People and their carers told us they felt safe with the support provided by the service. Staff had been provided with the information and support they needed to take appropriate action to ensure people were protected if they suspected they were at risk of abuse and not harmed by discriminatory behaviour or practices. Risks to people’s health, safety and wellbeing had been assessed by senior staff. Plans were put in place which instructed staff on how to minimise any identified risks to keep people safe from harm or injury.

The provider ensured people were supported by staff that were suitable and fit to work for the service. They carried out employment and criminal records checks on all staff. The majority of people told us they had no concerns about staff turning up late or missing a scheduled visit. This indicated there were sufficient numbers of staff available to support people. Staffing levels were monitored by senior staff to ensure people’s needs could be met at all times.

Staff received relevant training to meet people’s needs. Senior staff monitored training to ensure staff skills and knowledge were kept up to date. Staff received supervision so that they were appropriately supported in their roles to care for people. Staff were provided opportunities to share their views about the quality of support people experienced and for their suggestions about how the service could be improved.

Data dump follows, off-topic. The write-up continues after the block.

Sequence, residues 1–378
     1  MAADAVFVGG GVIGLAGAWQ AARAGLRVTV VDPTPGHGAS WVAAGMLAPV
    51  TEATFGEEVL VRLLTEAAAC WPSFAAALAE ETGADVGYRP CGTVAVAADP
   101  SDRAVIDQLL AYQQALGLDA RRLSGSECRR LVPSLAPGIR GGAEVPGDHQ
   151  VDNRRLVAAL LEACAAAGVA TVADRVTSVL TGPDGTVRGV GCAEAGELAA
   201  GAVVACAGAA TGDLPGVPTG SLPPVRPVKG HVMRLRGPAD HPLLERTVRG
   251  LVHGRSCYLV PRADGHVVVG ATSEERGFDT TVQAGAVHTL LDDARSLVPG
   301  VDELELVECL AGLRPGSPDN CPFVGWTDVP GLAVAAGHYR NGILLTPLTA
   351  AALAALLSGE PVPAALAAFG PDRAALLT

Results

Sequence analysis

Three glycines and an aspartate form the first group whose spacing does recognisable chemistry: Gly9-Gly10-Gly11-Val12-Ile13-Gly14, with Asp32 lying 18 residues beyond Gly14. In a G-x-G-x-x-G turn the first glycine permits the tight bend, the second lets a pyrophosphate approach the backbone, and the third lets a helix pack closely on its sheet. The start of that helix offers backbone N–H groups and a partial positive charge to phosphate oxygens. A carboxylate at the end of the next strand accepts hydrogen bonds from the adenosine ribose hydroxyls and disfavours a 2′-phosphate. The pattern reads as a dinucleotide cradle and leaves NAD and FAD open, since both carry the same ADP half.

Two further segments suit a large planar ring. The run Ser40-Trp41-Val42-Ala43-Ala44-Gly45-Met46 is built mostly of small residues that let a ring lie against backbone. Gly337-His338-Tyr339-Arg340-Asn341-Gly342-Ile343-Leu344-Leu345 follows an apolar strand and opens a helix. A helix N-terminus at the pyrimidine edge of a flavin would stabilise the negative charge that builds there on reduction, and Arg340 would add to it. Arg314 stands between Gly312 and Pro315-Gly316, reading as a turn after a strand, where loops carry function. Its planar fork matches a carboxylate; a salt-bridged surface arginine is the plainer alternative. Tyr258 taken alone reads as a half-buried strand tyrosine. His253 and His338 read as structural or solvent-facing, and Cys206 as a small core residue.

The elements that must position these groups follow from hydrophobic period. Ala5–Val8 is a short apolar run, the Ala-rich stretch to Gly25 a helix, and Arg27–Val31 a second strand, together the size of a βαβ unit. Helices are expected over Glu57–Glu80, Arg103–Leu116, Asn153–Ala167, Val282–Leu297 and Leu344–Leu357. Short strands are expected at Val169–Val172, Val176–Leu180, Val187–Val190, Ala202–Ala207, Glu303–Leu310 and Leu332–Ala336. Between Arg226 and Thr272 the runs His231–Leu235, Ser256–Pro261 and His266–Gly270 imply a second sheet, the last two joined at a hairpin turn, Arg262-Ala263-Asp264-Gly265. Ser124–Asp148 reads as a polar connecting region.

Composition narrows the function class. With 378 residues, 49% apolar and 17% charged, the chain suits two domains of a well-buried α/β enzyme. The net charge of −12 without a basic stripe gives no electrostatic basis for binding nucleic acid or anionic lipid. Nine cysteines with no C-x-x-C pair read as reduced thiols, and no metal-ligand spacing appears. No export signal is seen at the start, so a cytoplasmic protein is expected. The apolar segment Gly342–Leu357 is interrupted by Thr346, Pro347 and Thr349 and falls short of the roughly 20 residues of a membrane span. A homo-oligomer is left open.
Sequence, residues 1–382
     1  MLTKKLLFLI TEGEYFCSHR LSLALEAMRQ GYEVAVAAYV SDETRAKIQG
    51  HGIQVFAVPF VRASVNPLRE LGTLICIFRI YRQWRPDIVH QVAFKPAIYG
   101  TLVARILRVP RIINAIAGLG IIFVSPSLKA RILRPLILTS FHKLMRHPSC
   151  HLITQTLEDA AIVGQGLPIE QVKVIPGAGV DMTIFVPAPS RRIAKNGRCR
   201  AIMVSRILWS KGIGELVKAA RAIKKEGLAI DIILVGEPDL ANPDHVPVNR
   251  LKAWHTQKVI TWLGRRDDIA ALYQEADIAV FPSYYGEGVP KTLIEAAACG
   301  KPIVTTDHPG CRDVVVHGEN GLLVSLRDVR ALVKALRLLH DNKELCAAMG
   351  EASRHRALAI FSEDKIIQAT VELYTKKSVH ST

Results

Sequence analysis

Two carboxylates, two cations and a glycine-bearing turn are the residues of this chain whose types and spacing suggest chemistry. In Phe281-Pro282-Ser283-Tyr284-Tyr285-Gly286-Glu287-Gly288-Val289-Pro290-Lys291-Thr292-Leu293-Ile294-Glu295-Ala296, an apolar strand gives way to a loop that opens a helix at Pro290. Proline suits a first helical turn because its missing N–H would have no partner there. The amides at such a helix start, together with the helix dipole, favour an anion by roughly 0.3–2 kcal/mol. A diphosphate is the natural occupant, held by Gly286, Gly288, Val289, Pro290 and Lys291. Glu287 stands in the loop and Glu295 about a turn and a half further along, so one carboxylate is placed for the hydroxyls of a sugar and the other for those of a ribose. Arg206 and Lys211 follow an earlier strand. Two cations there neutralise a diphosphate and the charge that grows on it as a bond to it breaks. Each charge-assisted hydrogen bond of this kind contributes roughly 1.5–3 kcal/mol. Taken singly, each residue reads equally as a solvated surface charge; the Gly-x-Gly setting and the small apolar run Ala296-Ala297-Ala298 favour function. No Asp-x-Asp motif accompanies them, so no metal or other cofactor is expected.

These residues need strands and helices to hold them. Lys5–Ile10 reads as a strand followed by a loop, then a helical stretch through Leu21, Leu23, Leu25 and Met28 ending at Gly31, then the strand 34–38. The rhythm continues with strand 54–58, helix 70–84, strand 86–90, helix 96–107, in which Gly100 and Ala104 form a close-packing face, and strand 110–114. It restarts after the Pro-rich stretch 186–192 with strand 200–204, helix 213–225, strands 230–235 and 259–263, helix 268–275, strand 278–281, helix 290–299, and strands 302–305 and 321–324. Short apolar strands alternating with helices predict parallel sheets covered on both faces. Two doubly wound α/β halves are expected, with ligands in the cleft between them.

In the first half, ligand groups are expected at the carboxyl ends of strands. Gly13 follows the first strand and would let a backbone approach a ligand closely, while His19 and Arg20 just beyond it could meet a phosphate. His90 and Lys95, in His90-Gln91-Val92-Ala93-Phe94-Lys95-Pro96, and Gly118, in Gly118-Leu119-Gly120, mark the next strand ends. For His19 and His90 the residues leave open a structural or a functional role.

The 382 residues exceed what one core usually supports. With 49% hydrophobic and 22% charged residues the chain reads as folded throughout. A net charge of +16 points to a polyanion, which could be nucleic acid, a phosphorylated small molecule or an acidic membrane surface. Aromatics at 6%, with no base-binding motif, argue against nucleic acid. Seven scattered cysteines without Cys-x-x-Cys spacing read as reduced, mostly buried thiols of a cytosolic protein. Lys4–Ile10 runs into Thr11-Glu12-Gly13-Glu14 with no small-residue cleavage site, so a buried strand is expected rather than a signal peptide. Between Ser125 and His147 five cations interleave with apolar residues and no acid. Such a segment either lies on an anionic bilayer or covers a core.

People and their carers told us their views were taken into account when staff assessed their care and support needs. Each person had a care plan which was reflective of their specific needs and preferences for how they wished to be cared for and supported. People and their carers said staff were able to meet their needs. Senior staff reviewed people’s care pl

Inspection areas

Safe

Good

Updated 15 April 2016

The service was safe. People received their medicines as prescribed. Improvements had been made in the way staff maintained records each time they supported people with their medicines. There was appropriate guidance for staff to follow to ensure people received their �as required� (PRN) medicines when they needed this.

Staff were supported to identify and take appropriate action to protect people and children from the risk of abuse or from harm that could be caused by discriminatory behaviour or working practices.

Risks to people of injury or harm had been assessed and plans were put in place that instructed staff on how to ensure these were minimised.

The provider carried out appropriate checks to ensure staff were suitable and fit to work for the service. There were sufficient numbers of staff to meet people�s needs.